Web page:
Today is the 100th anniversary of Remembrance Day, but for many in Australia there won’t be time for much remembering. Those whose homes are under attack from fire, and those who have gone to rescue them will be too tired and distressed for any ceremony.
It seems this Remembrance Day heralds a new era, where the face of the enemy has morphed into something else, something scarier. But history tells us it’s really the same old foe: politicians who lie in order to please their greedy masters. Corruption smoke-screened by empty promises and platitudes; by ‘thoughts and prayers’.
I’d wanted to commemorate today with a small victory of my own. After twelve years of hoping and wishing, my very first novel, Black Diamonds, is now an audiobook – available for pre-order right now, as they say. The First World War and my country’s labyrinthine fantasies about our part in it made this book, and provided the first spark of my whole writing career. I’ve never stopped examining this fascinating creature of us ever since, with equal parts affection and despair. But it doesn’t seem right to mark today with anything other than sombre reflection.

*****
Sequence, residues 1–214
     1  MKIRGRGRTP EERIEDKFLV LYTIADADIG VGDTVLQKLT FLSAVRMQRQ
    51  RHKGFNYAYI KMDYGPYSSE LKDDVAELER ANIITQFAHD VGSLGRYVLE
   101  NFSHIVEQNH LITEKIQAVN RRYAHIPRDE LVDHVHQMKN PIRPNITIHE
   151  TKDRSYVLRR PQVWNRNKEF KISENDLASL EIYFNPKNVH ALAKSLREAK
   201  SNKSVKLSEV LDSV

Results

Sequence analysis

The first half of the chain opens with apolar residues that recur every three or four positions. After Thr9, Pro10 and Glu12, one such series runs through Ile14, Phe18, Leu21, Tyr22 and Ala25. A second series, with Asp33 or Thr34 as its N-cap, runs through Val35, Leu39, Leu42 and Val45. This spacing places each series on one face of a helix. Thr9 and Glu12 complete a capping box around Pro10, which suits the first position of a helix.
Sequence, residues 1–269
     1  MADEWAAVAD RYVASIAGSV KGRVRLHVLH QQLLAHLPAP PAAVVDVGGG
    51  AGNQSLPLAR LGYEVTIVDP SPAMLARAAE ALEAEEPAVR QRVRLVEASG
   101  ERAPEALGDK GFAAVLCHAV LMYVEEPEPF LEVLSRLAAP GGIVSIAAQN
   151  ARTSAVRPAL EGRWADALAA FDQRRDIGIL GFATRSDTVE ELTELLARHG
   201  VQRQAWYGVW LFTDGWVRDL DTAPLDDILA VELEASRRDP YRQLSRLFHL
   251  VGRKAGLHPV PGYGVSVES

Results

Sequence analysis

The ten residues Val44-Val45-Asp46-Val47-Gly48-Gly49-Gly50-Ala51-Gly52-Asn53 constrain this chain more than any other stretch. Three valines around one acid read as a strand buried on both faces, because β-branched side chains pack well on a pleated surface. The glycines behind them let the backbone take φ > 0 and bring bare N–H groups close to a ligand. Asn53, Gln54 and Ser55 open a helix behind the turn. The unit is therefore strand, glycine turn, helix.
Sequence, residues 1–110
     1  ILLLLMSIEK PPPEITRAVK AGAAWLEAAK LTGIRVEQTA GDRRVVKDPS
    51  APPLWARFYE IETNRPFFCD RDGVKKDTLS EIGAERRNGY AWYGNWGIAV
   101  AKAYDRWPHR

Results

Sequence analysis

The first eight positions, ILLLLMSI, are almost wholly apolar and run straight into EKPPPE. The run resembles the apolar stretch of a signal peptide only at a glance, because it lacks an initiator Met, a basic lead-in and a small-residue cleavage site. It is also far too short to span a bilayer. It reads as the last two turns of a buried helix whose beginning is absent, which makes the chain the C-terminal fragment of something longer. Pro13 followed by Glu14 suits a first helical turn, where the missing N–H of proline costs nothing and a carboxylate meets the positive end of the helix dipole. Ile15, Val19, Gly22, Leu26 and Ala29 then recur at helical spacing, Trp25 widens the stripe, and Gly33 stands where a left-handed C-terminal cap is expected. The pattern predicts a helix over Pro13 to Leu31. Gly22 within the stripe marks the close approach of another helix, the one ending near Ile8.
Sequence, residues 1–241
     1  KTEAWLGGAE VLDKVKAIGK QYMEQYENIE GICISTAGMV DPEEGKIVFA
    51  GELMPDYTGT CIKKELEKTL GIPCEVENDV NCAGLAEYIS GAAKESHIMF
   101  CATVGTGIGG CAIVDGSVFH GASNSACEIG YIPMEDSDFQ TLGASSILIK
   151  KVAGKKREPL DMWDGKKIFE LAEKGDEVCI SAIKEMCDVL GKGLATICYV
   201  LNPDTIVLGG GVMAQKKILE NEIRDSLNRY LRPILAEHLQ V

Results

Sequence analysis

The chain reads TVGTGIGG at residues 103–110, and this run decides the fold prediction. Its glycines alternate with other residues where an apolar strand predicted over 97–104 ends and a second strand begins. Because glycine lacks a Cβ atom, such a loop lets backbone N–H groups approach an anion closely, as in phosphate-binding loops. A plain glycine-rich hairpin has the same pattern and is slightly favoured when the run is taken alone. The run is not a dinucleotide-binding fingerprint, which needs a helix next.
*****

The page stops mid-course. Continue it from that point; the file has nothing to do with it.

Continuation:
Personally, this year has been a struggle. I’ve been unwell for most of it, grappling with low-level dysphoria between depth-charge spikes into the dark. I’ve wondered long and hard about the value of stories at all in a world that seems determined to ignore so many bright and wonderful voices telling truths we need now more than ever.
But as dawn follows darkness, last week, just when I’d thought I should give the game away myself, stop bothering, find something more useful to do with my time, I received a little branch to cling to, some unexpected good news – which I’ll also share another day.
Because today is one that should turn our minds to what is lost, forever. And the true cost of refusing to listen to reason.
Photograph: Royal Scots Dragoon Guards Museum